FIG. 7 illustrates an enlarged bottom view of a second embodiment of a magnetoresistive read sensor 260 that includes a thermally conducting nonmagnetic layer 262 in a read gap. The arrangement illustrated in FIG. 7 is similar to the arrangement illustrated in FIG. 6 except that in FIG. 7 the nonmagnetic layer 262 is deposited on the bottom magnetic shield layer 203 instead of the shared magnetic shield layer 204. As illustrated in FIG. 7 at lines 264, there is an enhanced heat flow from the magnetoresistor 238 to the bottom magnetic shield layer 203 through the thermally conducting nonmagnetic layer 262.

FIG. 8 illustrates an enlarged bottom view of a third embodiment of a magnetoresistive read sensor that includes a thermally conducting nonmagnetic layer in a read gap. The arrangement illustrated in FIG. 8 is similar to the arrangement illustrated in FIGS. 6-7 except that in FIG. 8 the nonmagnetic layer 262 is deposited on the bottom magnetic shield layer 203, and also the nonmagnetic layer 225 is deposited on the shared magnetic shield layer 204. In FIG. 8, each of the two insulating layers 224 is reduced in thickness to accommodate one of the nonmagnetic layers 225, 262. As illustrated in FIG. 8 at lines 264, 266, there is an enhanced heat flow from the magnetoresistor 238 to the bottom magnetic shield layer 203 through the first thermally conducting nonmagnetic layer 262, and there is also an enhanced heat flow form the magnetoresistor 238 to the shared magnetic shield layer 204 through the second thermally conducting nonmagnetic layer 225.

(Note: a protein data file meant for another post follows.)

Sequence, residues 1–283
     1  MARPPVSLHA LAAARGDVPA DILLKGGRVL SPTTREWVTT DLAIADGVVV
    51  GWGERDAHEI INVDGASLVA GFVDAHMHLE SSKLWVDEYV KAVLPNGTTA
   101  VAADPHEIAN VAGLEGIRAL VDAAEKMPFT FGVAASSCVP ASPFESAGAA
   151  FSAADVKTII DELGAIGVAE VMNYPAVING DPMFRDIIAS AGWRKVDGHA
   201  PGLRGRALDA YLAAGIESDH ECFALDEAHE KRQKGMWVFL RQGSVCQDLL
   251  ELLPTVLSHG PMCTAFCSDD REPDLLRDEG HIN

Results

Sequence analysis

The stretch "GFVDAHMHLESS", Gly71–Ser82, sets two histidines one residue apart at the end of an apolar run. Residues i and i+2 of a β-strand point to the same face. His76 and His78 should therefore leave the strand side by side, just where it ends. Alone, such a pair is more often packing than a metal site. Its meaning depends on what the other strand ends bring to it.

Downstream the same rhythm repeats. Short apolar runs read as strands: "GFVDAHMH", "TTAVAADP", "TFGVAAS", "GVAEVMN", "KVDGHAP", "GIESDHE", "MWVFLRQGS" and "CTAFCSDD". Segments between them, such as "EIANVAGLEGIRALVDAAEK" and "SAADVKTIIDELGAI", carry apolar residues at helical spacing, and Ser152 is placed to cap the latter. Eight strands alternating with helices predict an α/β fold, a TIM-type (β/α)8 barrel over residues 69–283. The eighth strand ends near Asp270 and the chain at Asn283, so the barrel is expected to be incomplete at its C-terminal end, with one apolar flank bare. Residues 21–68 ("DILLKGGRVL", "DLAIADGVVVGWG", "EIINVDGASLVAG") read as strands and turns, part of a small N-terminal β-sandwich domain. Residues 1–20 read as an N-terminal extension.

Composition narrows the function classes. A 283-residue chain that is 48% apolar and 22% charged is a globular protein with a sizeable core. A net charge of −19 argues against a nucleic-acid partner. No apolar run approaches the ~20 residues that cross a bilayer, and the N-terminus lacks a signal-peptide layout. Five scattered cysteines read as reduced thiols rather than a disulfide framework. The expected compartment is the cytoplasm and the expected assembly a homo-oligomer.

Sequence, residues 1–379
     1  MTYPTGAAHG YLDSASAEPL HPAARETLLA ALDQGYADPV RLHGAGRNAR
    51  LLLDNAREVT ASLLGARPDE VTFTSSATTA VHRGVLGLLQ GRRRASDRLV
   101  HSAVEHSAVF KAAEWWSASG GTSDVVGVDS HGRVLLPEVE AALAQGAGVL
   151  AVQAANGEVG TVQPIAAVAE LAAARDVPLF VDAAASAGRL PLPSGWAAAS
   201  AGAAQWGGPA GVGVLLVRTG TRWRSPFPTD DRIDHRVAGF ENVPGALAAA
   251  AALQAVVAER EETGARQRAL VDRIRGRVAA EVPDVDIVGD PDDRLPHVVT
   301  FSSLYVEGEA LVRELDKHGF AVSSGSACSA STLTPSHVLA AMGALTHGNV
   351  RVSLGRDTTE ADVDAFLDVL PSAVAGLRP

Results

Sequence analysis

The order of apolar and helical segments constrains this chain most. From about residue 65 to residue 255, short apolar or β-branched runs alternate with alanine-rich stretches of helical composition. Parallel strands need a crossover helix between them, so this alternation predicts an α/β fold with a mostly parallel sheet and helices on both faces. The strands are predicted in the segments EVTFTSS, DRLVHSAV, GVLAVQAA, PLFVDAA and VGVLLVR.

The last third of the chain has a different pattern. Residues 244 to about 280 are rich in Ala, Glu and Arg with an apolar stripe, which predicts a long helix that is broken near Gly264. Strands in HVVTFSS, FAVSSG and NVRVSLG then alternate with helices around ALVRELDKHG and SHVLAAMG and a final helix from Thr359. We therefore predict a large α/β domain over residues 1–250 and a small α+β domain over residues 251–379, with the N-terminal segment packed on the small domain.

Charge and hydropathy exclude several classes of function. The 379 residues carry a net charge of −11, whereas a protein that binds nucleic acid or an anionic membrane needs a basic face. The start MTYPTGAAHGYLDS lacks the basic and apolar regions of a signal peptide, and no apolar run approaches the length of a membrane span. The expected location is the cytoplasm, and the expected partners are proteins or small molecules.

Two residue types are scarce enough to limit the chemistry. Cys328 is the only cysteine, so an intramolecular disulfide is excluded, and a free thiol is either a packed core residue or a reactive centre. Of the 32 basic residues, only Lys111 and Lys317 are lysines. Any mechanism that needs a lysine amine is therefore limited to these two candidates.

FIG. 9 illustrates a finite element analysis of peak and average temperatures in a magnetoresistor as a function of a thickness X of a thermally conducting nonmagnetic layer 225 in a head such as the one illustrated in FIG. 6.